Another way is to abide by the 3Rs; namely “reduce, reuse, recycle.” While reducing waste and recycling may seem obvious methods for achieving sustainability, companies may not realize how much garbage they produce. Manufacturers must measure their output through methods such as inventory management and take action to recycle products when possible.
They can also participate in waste reduction audits; plan production of products more strategically; reduce lead times; and identify major waste sources and pay attention to personnel, material and transportation costs.
Additionally, manufacturers can use various inventory management techniques to increase their efficiency, which can produce even greater environmental benefits. These steps may include investing in automation, committing to regular maintenance and improving employee training.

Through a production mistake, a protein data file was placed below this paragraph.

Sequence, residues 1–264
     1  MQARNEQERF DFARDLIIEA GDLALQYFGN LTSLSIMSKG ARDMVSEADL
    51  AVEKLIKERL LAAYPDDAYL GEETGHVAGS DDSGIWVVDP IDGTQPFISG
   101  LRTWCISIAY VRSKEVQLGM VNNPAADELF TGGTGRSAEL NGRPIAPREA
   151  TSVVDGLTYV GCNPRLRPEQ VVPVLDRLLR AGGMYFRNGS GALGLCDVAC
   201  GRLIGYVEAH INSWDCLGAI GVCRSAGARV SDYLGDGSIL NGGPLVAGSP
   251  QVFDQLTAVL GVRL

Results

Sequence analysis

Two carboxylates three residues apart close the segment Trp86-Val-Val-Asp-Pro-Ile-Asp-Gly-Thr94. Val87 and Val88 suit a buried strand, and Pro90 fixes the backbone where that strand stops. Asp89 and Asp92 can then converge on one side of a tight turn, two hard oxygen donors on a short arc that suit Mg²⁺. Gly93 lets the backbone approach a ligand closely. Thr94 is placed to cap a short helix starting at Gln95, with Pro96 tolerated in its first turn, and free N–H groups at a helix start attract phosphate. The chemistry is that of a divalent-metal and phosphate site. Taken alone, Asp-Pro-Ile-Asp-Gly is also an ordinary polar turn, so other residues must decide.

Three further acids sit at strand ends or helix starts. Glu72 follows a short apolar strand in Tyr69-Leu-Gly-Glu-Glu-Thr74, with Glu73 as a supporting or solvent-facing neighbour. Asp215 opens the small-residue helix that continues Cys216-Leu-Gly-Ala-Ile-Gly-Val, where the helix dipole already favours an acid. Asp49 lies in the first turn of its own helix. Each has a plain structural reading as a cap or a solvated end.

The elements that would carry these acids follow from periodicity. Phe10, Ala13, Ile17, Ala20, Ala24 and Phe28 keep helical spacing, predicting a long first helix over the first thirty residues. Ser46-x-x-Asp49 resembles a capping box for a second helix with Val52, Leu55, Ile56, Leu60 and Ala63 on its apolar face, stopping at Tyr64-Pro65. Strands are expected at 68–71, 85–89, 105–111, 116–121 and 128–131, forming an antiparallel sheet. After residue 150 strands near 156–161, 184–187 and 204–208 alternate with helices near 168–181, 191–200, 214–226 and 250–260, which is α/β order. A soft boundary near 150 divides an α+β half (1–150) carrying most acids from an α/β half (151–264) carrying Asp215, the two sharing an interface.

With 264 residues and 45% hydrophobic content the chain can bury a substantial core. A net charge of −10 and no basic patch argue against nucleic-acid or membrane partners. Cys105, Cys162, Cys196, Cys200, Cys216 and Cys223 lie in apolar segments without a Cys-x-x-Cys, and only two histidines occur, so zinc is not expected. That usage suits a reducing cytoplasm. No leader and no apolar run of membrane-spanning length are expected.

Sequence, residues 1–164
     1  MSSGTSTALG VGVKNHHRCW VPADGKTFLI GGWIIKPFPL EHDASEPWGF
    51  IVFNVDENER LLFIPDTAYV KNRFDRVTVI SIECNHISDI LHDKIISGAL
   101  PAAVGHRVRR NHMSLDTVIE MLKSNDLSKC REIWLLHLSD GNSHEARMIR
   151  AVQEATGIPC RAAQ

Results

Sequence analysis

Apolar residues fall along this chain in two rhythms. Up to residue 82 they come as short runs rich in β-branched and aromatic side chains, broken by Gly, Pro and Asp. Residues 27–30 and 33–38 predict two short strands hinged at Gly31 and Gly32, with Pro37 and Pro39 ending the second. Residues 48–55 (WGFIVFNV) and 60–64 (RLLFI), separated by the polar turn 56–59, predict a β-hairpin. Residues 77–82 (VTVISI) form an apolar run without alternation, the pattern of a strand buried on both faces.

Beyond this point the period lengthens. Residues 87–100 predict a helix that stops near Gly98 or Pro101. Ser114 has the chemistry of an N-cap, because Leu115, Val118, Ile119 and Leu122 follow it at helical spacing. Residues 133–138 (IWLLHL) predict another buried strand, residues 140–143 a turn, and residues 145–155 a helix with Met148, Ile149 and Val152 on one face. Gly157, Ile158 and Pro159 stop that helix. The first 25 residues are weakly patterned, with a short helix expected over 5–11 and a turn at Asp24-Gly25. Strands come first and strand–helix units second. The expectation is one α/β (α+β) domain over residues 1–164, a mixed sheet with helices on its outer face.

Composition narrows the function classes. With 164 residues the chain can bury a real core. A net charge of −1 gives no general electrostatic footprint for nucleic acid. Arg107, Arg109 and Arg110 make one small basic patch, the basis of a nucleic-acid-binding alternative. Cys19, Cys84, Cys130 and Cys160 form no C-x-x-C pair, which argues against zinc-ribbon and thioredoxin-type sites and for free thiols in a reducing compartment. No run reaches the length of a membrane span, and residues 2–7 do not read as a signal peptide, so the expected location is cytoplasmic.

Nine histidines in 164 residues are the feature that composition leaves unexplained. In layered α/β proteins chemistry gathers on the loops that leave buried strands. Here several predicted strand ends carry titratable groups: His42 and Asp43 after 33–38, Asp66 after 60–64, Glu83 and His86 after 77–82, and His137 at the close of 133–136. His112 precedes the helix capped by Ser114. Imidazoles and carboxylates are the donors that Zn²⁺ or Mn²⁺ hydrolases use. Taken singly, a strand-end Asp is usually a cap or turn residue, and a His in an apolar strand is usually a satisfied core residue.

Next, environmentally minded manufacturers can employ water conservation methods.
Rather than treat water as an infinite resource, manufacturing companies can focus on treating it as a valuable commodity that cannot be used without reason. For example, manufacturers can use various technologies and methods to prevent leaks and respond to them if they do occur.
Other chemical agents, such as Dry-in-Place, can also be used to aid in water conservation efforts. Even taking actions as simple as urging employees to turn off faucets in the facility bathroom can help.
These three actionable steps are good places for manufacturing companies to start reaching high levels of sustainability.
Finally, manufacturers can adopt all-around sustainable practices. Although it will take time for companies to adopt and implement some of these steps, there are many benefits to being more sustainable.
Encouragingly, many manufacturers are already succeeding in reaching their goals. Others can follow suit and adopt sustainability as a core component of their business models.